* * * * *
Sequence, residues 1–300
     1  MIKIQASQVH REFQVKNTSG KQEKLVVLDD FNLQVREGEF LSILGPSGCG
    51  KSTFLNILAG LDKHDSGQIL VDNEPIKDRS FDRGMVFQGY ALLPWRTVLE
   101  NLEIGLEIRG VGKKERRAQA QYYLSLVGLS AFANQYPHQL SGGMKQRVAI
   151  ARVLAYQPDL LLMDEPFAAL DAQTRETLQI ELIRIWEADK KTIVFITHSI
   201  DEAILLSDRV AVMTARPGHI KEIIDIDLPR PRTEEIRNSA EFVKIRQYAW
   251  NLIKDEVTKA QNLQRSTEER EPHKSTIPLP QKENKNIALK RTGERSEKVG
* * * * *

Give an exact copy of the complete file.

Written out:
Sequence, residues 1–300
     1  MIKIQASQVH REFQVKNTSG KQEKLVVLDD FNLQVREGEF LSILGPSGCG
    51  KSTFLNILAG LDKHDSGQIL VDNEPIKDRS FDRGMVFQGY ALLPWRTVLE
   101  NLEIGLEIRG VGKKERRAQA QYYLSLVGLS AFANQYPHQL SGGMKQRVAI
   151  ARVLAYQPDL LLMDEPFAAL DAQTRETLQI ELIRIWEADK KTIVFITHSI
   201  DEAILLSDRV AVMTARPGHI KEIIDIDLPR PRTEEIRNSA EFVKIRQYAW
   251  NLIKDEVTKA QNLQRSTEER EPHKSTIPLP QKENKNIALK RTGERSEKVG